Teams in NFL are divided into two conferences and 8 divisions (see map). Given that the regular season includes only 16 games for each team it is clear that a team cannot play all the rest of the teams. There is an extremely complicated algorithm for obtaining the schedule of the regular season (various game-related and non game-related constraints are considered), but there are some specific rules that identify the opponents:
- Each team plays 6 games with the other division teams (3 home and 3 on the road)
- Each team plays 4 games (2 home, 2 away) with the teams of a given division in the same conference – determined by rotation
- Each team plays 4 games (2 home, 2 away) with the teams of a given division of the opposite conference – determined by rotation
- Each team plays 2 games (1 home, 1 away) against teams from the two remaining divisions in its own conference – determined by division standings of previous season
Given that it is not possible for every team to play every other team in the league, the question is whether there are teams that travel more for their road games and
ultimately whether this has any impact on the winning percentage of the teams. This brings up the more fundamental question on whether the divisions formed by NFL teams are efficient with respect to traveling fairness. Of course the home city of a team has its own implications on the whole issue (e.g., an imaginary team in Hawaii will have to travel a lot for its road games no matter what) and it will be hard to achieve complete fairness. Nevertheless, given the specific distribution of teams in the cities, what is the optimal forming of the divisions.
Let’s start by examining the distance traveled for each road game for each team during the last 7 seasons. The following figure presents these distances in a box plot for each team.
As we can see there are teams that tend to travel large distances such as Seattle and San Francisco, while there are others that travel smaller distances (e.g., Pittsburgh and Cleveland). One might have expected this since the majority of the teams are in the central and east part of the country and hence, teams from the west coast are expected to travel more. Furthermore, the AFC north division (where Pittsburgh and Cleveland play) is more geographically contained and hence, there is not much traveling involved for their divisional games. Using the distances traveled for the last 7 NFL seasons we can make pairwise comparisons between teams. In particular, we performed a standard t-test between all pairs and the following matrix presents the results. Each point correspond to the difference between the distance traveled by the row team minus the distance traveled by the column team. It should be evident that the element (i,j) of this matrix is the negative of the element (j,i). Also the grid points with the red color correspond to comparisons that cannot reject the null hypothesis, that is, the two teams travel the same distances!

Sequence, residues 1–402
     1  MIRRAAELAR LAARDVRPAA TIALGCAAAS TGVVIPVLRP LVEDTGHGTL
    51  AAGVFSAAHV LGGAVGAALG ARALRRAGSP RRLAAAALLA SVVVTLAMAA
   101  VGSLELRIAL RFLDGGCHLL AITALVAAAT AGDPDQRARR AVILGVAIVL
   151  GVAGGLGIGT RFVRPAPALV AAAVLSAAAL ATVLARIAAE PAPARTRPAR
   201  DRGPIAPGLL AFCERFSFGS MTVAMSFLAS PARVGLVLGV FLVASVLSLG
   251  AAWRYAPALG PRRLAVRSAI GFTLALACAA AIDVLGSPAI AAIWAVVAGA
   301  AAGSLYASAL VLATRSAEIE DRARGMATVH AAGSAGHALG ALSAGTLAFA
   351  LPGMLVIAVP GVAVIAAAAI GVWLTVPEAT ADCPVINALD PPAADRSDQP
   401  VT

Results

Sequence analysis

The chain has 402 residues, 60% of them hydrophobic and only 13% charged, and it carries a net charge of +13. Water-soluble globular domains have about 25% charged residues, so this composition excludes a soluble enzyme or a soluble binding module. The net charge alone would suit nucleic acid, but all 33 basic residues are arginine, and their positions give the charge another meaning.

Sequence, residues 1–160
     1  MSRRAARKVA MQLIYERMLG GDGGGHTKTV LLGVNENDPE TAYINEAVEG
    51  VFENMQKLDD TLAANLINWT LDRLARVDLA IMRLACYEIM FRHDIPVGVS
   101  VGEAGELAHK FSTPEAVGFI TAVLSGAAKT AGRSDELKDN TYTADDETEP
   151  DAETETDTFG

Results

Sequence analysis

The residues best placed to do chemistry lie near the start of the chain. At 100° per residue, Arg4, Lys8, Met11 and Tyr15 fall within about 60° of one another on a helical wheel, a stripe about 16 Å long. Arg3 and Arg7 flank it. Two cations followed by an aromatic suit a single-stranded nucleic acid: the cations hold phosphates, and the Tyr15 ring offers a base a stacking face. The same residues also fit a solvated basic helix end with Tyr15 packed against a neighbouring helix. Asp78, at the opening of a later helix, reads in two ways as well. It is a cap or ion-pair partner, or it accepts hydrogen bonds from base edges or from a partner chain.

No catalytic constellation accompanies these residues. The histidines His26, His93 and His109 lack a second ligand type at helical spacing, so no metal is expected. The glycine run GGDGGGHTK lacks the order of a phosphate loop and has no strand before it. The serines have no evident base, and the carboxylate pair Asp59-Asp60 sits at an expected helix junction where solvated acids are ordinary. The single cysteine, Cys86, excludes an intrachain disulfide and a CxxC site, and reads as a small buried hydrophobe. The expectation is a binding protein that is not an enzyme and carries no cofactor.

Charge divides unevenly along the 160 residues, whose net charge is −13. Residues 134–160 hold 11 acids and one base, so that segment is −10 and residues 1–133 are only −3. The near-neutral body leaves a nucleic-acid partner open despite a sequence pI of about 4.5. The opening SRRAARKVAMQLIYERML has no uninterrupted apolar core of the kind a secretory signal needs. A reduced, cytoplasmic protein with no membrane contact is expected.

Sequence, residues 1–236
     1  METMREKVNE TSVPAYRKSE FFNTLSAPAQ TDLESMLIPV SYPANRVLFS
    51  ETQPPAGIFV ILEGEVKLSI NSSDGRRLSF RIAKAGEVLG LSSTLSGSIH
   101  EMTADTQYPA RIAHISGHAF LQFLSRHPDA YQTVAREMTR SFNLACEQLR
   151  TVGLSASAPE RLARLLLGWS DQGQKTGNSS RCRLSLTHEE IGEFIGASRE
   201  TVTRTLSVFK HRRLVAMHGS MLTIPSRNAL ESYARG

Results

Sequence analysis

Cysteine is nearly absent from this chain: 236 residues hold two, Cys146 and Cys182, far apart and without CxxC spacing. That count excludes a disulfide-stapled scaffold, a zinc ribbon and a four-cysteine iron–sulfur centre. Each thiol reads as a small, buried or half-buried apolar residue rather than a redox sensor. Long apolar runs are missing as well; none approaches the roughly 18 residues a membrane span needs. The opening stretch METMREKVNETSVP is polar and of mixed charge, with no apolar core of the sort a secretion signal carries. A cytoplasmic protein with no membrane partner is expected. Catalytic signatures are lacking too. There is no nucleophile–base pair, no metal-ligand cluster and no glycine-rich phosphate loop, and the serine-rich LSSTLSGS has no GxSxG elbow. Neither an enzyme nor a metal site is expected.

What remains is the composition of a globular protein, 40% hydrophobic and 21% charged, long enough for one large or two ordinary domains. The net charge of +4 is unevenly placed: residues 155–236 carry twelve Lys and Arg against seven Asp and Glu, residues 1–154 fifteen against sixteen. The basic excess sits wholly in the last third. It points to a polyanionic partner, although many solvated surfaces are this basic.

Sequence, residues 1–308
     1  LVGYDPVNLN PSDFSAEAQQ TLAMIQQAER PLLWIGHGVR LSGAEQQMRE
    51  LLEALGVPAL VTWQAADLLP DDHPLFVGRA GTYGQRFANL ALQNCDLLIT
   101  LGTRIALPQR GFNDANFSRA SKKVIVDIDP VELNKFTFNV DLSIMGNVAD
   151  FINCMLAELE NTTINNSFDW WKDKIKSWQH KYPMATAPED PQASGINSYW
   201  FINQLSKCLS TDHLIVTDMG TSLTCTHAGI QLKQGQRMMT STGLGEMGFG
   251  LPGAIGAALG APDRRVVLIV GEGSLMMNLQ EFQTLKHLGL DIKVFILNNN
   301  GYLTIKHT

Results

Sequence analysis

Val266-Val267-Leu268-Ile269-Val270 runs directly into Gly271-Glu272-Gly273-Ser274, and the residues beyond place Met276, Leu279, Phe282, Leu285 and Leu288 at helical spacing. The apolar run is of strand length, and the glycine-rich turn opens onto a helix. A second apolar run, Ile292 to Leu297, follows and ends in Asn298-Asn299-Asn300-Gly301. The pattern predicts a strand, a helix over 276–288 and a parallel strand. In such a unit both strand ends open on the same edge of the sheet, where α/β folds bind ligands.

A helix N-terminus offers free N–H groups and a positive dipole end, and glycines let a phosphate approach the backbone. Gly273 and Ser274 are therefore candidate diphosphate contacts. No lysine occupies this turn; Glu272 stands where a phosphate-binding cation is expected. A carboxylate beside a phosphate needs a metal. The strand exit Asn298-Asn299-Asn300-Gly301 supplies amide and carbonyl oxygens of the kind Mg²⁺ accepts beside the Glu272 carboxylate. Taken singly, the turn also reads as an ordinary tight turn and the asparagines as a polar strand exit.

As we can see, teams such as SF, SEA, ARI and OAK travel the most (the corresponding rows have light-colored grid points that based on the legend correspond to larger travel distances). One might think that this is kind of unfair since teams that travel a lot might be affected in their performance. Hence, I did a very simple experiment. In particular, for every team and for each one of the last 7 regular seasons, I calculated (a) the average distance traveled for its road games and (b) its final winning percentage. Then I computed the correlation between these two metrics. The following figure presents the scatterplot and it should be obvious that there is no relationship between them! In other words, less travel does not translate to more wins!
Even though there is not a relationship between road game distance and winning percentage, is there a better division of teams such that the travel distances are minimized all across the board? We start by performing a hierarchical clustering of teams based on their location in order to see what kind of clusters/divisions we get based on the geography of the teams (I have considered the Rams being still in Saint Louis).
As we can see at the two top-level clearly divide the teams in “west” coast and “east” coast teams. The current conference/division structure of the NFL does not do so (e.g., SEA is at NFC, while OAK is at AFC). Focusing at the dendrogram level that gives 8 clusters, i.e., the 8 divisions, we can see that the these divisions have different number of points (teams) in them. However, we need to constraint the clusters to 4 points each if we want to keep the current structure of the league. Therefore, the solution obtained by the hierarchical clustering can form the initialization of an iterative algorithm that tries to find 8 clusters of 4 points each, such that the average pairwise distance of the points in each clusters is minimized. Then these 8 clusters can further be agglomerated in 2 conferences in a similar manner. Based on this objective the optimal division of teams is the following:
This division reduces the inter-division (geographic) distances by 73% as compared to the current division. Of course, I am not suggesting that these should be the divisions in the NFL, since I understand that there are way more factors to be considered except from the geography. Nevertheless, who would not want to see the Steelers beating the Patriots twice a year!